How does your development environment affect workflow? Don't fear exploring other options when it comes to development.
With a vast array of text editors and Interface Development Environments (IDEs) available for use, picking a program to develop in can be an intimidating task. Over the past six years I have used a variety of IDEs and text editors that either fit my current mood or one that suited the project at hand, while being thoroughly unsatisfied with one more aspects of each of them. That is, until I found Sublime Text 2. As you continue to read, I will share with you my thoughts on several of the IDEs and text editors I have used, and what it is about Sublime Text 2 that has kept me happy.
Selecting an environment to develop in is almost as important as picking out a chair or bed that you like. If the chair isn’t comfortable, you aren’t going to want to sit in it and you will spend more time trying to get comfortable then you will actually working. The same goes for a development environment: if you aren’t comfortable with it day in and day out, it can greatly affect productivity.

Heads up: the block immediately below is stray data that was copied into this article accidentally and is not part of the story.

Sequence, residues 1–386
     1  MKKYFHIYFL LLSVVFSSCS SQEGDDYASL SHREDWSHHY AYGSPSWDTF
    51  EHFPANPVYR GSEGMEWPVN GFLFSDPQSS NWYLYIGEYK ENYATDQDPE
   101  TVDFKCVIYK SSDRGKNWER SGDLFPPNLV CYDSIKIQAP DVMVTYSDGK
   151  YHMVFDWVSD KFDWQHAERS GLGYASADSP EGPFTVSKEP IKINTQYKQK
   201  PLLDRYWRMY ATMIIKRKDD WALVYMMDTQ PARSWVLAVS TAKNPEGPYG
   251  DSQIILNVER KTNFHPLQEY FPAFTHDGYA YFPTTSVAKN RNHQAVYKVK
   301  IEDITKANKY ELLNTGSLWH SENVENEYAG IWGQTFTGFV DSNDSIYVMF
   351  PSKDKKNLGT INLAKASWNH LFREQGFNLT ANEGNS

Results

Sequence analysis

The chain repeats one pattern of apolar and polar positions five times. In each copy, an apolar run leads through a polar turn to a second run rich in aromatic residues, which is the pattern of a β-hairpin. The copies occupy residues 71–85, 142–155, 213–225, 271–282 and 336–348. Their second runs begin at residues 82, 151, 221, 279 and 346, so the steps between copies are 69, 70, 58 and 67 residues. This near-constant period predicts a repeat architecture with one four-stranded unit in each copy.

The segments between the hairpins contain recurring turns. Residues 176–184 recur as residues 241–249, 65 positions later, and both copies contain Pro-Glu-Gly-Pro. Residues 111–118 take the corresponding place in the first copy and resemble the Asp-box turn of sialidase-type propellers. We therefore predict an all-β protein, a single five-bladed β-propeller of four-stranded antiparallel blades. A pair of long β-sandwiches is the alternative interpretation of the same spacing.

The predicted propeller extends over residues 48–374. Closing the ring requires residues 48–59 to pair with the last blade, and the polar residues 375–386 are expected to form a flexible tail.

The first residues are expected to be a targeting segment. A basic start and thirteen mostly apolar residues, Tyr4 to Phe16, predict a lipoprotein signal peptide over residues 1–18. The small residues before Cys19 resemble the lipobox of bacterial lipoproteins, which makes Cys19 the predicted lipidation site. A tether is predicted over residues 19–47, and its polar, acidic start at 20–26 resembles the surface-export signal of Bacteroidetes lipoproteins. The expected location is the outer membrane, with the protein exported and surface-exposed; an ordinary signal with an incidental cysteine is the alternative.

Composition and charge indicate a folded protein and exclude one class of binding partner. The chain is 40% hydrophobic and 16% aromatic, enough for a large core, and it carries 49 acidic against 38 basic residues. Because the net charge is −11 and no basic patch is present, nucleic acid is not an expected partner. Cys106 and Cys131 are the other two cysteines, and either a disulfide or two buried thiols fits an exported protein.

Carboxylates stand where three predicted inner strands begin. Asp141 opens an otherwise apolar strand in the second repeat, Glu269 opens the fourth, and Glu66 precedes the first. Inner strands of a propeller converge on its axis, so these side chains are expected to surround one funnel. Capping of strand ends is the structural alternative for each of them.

For the better part of my six years as a developer I used Dreamweaver as my editor. Not for the WYSIWYG (what you see is what you get) aspect, since I never worked in anything but code view, but because it was an editor that I felt comfortable using. Prior to Dreamweaver I had used standard Notepad, Notepad+, and even the dreaded Microsoft FrontPage. After expanding my knowledge of coding languages, I began using other editors such as Eclipse, Netbeans, Visual Studio, and Aptana Studio, constantly changing to fit the various situations my programming needs demanded.
It was not until I saw a talk by Paul Irish about work flow that I began to think more about how my development environments affected my own productivity. I took the time to start investigating other editors. I had used numerous IDE style editors; however, I had never used any as more than a text editor with code hinting. Code hinting combined with auto tag closing, is one of the major things that kept drawing me back to Dreamweaver for web development.